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What is OSHA’s role in a workplace accident?

| Jan 11, 2019 | Workplace Safety |

Some people in the New City, New York, area or one of the other suburbs may have heard about the federal Occupational Safety and Health Administration, or OSHA. Still, they may not fully understand what this agency does and what its role in workplace safety is.

Many if not most employers in the area are subject to federal safety regulations designed to keep American workers safe and healthy as they do what they need to do to put bread on the table. OSHA is responsible for enforcing these regulations.

Otherwise, some employers may flat out try to ignore the rules in the interest of cost-savings, while others may just not give the rules the attention that they truly deserve until it is too late.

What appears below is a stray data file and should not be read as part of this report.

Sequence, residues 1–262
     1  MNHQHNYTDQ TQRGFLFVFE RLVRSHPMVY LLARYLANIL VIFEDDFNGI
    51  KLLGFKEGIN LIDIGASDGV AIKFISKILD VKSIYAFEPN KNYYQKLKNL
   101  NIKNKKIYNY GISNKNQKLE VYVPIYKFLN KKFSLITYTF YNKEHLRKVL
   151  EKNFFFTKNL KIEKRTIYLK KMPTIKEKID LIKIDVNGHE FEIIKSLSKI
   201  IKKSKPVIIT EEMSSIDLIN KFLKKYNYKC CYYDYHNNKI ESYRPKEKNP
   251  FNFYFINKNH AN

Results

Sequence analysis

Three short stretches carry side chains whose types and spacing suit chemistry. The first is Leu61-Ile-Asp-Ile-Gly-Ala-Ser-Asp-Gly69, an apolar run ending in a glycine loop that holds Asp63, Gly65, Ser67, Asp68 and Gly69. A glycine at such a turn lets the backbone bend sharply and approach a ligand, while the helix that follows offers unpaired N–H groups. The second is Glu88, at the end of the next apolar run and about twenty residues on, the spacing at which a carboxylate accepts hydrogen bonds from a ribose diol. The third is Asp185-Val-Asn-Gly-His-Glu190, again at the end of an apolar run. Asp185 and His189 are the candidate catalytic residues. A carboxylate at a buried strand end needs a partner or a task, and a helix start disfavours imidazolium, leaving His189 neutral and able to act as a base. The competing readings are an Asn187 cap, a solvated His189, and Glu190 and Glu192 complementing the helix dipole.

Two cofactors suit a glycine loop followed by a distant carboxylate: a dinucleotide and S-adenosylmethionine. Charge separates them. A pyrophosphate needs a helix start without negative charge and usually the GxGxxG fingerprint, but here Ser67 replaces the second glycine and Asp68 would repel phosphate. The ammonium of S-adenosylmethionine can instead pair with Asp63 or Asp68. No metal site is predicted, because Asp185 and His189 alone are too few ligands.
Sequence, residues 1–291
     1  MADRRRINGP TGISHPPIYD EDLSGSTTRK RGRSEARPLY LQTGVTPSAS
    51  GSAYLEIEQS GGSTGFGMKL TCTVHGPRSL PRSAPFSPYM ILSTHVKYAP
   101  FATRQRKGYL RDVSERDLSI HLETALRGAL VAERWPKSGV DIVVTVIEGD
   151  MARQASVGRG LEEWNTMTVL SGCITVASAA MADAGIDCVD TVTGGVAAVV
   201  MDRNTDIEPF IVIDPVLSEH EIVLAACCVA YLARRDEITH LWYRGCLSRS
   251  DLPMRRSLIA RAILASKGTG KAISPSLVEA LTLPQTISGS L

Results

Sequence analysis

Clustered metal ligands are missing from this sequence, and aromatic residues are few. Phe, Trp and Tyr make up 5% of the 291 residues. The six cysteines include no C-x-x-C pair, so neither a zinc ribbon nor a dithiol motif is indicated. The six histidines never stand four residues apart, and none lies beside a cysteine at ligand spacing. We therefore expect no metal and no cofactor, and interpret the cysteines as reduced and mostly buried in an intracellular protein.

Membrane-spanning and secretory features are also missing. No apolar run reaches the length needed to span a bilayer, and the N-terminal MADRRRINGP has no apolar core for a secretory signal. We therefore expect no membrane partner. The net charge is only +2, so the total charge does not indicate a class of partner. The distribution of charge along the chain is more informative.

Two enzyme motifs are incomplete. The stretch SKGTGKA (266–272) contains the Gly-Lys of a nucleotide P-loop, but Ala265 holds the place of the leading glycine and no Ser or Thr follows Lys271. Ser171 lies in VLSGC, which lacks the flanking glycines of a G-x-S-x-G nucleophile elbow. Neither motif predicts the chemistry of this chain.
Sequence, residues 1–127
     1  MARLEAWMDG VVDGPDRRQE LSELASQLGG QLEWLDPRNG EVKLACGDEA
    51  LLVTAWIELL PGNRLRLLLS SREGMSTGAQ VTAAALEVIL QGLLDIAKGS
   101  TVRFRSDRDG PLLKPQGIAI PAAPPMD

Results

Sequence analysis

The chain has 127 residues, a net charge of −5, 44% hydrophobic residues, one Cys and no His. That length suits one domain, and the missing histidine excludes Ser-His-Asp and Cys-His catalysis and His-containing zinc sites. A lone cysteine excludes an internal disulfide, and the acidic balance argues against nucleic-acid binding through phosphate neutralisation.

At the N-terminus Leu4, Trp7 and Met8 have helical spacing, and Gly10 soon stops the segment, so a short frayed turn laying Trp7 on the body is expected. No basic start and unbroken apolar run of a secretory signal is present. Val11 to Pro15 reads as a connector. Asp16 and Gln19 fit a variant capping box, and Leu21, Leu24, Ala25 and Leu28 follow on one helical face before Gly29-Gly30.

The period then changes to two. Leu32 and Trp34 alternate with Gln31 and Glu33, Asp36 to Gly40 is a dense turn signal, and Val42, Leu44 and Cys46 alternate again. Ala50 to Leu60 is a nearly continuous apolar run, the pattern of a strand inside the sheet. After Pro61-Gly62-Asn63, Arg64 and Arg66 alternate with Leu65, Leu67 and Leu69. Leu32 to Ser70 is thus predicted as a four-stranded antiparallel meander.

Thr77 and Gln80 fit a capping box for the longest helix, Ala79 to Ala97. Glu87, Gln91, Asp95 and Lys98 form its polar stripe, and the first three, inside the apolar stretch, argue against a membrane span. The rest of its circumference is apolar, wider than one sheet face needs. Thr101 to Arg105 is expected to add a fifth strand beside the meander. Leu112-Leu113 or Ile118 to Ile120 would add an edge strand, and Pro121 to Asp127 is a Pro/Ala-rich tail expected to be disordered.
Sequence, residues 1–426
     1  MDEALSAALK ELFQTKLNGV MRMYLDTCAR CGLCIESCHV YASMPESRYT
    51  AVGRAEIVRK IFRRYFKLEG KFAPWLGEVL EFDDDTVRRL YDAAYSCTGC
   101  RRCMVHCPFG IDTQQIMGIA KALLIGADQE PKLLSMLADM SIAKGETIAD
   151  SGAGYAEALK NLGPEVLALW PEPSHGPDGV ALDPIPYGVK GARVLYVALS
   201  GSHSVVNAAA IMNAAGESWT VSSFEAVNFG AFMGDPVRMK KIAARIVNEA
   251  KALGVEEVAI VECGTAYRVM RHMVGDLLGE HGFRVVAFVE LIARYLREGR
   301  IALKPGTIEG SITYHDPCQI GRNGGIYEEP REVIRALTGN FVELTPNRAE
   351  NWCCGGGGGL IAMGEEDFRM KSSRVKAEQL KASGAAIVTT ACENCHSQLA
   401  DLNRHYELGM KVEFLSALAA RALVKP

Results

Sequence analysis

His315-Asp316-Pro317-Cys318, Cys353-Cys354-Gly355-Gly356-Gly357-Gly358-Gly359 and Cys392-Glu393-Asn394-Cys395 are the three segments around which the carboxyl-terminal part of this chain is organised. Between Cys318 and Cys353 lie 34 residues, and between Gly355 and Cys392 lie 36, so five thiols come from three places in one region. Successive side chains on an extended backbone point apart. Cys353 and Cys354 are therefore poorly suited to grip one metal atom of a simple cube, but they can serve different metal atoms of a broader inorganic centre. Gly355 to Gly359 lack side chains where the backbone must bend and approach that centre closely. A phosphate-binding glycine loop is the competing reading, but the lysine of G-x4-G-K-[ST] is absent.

When it comes to a serious workplace accident, employers are obligated to let OSHA know shortly after the accident, presumably so OSHA can arrange for a prompt inspection to be sure that the workplace is safe for other employees. How soon an employer must report depends on the extent of the injuries. For instance, if a worker dies, the employer has 8 hours to self-report.

OSHA conducts inspections for other reasons as well and may at times conduct random or semi-random inspections of a facility. For instance, OSHA will ordinarily respond to an employee tip about hazardous working conditions. In any case, if the OSHA inspector finds violations, the inspector may write the offending company a citation and impose fines or other penalties.

Especially after an accident, OSHA’s reports can shed the light on the overall safety practices of a manufacturer and can also be helpful to an injured worker’s legal claims. For those seeking New York workers’ compensation benefits, how an OSHA report can be helpful is a good question to ask one’s attorney.

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